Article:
An Australian Folk Song A Day: September 2011

All pages from this domain:

Website thumbnails by BitPixels

Trove links on this page

1 citation

The Squatter of the Olden Time.

15 September 1894, Oakleigh Leader (North Brighton, Vic. : 1888 - 1902), page 3

…that Thompson's run from scab is scarcely free This fine old Murray settler, one of the olden time. And now his fortune he has made, to England straight goes he, But finds with grief he's not received as he had hoped to be. His friends declare his habits queer, his language much too free, And are somewhat apt to cross the street, when him they chance to see This fine Australlan squatter, the boy of the olden time. Another variation of the Fine Old English Gentleman (see yesterday's post), this time from the Oakleigh Leader, Saturday 15 September, 1894 ( ). The illustration to this post is a hand-coloured lithograph, The Squatter's First Home , by Alexander Denistoun Lang (dated 1847 and held by the State Library of Victoria).…

1 citation

THE FINE OLD BORDER SQUATTER. (After Sir Wm Norcott, Bart.,)

12 March 1860, Portland Guardian and Normanby General Advertiser (Vic. : 1842 - 1876), page 3

…it is that I resolve from town to start away, Like a poor tax ridden Squatter, one of the present day. My horse stands saddled at the door, I quaft my parting glass, And drink the health and bid adieu to every Adelaide lass, Thus leaving all the duns behind, I seek again repose, And seated by my own fireside I banish all my woes, Like a fine old jolly Squatter, one of the olden time. An Australian version of Henry Russell 's much-parodied Fine Old English Gentleman . Dated 6 March, 1860 at Mount Gambier and published in the Portland and Normanby General Advertiser on 12 March that year. The illustration to this post is a portrait of Henry Russell.…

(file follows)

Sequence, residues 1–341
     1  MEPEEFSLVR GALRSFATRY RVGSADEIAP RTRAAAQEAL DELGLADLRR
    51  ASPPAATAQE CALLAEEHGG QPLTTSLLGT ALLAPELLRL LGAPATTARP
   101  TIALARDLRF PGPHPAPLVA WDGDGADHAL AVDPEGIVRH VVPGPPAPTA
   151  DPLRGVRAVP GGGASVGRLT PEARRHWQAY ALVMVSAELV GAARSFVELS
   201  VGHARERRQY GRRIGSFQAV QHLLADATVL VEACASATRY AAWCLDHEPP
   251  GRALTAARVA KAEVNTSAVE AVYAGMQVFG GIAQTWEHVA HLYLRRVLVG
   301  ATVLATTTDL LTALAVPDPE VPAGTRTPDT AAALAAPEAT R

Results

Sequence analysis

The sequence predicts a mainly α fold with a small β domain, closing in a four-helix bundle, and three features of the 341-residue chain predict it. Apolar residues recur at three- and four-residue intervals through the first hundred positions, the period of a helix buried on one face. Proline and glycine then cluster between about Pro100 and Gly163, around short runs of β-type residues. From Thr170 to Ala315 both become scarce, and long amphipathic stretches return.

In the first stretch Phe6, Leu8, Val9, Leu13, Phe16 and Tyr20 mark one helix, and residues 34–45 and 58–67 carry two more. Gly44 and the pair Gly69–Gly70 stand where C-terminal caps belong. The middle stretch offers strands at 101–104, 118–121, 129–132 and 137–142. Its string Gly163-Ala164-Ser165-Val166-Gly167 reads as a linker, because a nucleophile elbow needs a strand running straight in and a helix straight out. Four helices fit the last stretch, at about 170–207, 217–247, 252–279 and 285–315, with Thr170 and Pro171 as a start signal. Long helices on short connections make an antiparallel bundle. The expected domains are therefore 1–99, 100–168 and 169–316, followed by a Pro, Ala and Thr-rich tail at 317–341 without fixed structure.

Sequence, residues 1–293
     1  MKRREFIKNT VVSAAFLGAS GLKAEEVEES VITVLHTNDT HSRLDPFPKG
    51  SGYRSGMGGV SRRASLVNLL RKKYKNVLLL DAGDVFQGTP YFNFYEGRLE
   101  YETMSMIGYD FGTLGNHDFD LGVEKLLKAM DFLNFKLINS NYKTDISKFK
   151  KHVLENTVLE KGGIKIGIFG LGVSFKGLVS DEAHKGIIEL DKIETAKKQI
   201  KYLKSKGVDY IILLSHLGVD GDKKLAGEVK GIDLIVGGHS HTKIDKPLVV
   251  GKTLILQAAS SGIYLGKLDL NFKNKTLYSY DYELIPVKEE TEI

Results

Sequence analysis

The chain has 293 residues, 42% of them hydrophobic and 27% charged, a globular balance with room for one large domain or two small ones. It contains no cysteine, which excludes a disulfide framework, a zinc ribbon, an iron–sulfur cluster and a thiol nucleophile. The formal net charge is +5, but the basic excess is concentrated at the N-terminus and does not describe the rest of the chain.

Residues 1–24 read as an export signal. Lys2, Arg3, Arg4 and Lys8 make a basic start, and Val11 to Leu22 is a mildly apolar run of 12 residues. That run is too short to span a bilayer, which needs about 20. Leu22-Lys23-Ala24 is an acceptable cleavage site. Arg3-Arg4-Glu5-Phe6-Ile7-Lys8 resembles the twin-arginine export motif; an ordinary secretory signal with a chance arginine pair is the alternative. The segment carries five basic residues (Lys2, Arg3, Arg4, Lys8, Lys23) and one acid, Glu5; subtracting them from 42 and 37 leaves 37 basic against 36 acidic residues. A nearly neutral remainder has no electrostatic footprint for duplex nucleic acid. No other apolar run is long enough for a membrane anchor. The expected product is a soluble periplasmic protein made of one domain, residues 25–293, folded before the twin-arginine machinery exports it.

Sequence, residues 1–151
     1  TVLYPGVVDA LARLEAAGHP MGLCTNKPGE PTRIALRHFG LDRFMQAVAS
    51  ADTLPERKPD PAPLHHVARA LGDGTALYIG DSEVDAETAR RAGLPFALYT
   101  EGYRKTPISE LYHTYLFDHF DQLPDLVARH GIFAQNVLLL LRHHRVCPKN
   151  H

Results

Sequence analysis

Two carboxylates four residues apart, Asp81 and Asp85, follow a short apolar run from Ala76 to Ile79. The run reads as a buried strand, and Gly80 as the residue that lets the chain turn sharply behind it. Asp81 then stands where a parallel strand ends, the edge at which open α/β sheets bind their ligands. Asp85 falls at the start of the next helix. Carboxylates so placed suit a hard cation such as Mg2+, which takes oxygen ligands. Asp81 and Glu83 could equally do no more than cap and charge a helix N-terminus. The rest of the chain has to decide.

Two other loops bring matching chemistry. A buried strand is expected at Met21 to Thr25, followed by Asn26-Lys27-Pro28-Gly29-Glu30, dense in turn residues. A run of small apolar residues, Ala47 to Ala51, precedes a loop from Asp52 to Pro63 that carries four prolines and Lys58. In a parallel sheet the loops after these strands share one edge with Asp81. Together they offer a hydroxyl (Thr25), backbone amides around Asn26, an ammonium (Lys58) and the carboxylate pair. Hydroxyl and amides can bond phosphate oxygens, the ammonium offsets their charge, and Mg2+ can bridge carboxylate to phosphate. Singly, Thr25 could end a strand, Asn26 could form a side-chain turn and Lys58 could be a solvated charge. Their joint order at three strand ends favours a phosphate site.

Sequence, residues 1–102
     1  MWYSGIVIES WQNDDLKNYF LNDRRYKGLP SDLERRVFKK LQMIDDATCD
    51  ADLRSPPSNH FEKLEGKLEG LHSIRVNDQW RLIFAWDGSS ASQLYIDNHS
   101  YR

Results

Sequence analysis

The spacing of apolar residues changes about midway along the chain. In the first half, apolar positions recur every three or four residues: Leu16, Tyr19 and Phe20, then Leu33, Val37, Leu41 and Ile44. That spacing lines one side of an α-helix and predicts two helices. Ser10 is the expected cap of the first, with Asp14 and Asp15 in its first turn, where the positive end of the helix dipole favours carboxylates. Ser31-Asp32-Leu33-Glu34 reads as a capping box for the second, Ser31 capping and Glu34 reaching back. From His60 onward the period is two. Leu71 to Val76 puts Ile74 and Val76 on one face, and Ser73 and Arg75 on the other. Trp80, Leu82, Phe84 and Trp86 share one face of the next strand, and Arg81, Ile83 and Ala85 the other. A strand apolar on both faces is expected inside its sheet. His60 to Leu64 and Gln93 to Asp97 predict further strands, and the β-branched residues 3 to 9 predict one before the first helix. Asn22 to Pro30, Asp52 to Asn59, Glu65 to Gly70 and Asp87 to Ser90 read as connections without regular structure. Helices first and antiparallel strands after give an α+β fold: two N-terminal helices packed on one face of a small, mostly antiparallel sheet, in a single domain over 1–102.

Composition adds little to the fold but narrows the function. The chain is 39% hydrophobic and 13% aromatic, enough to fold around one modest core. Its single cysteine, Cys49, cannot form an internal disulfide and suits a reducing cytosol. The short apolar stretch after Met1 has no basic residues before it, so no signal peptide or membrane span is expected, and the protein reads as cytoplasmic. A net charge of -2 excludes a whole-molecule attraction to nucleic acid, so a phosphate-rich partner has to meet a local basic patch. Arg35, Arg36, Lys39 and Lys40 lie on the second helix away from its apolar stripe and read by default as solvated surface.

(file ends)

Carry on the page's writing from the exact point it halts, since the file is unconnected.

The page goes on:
2 citations

CLIVE TURNBULL asks Is it back to the workhouse we go?

19 August 1950, The Argus (Melbourne, Vic. : 1848 - 1957), page 2

…if you refuse You must fight or deliver - pray which do you choose? The trooper surrender'd his horse and his arms Then hasten'd to Yea town to give the alarm “Farewell "shouts the rover "This revolver's my shield To the traps or the gallows I never will yield.” We may sing of young Gilbert, Dan Morgan, Ben Hall But the bold reckless robber surpasses them all The pluck that is in him is beyond all belief A daring young highwayman, a professional thief. This column appeared in the Melbourne Argus newspaper on 19 August, 1950 above these lyrics ( ) Clive Turnbull Says: A song from wilder days YOU may remember thata few months ago we had quite a correspondence about the old song, "The Wild Colonial Boy." Miss Elsie Heath of Grasmere, Sheep Hills, whose father was one of the pioneers of the Wimmera when it was thrown open for selection, writes that she has vivid recollections of the song as her father sang it to the children sitting 'round the fire on cold wintry nights - it varies slightly from the versions already published. Better still, Miss Heath tells me that her mother, not long ago, found…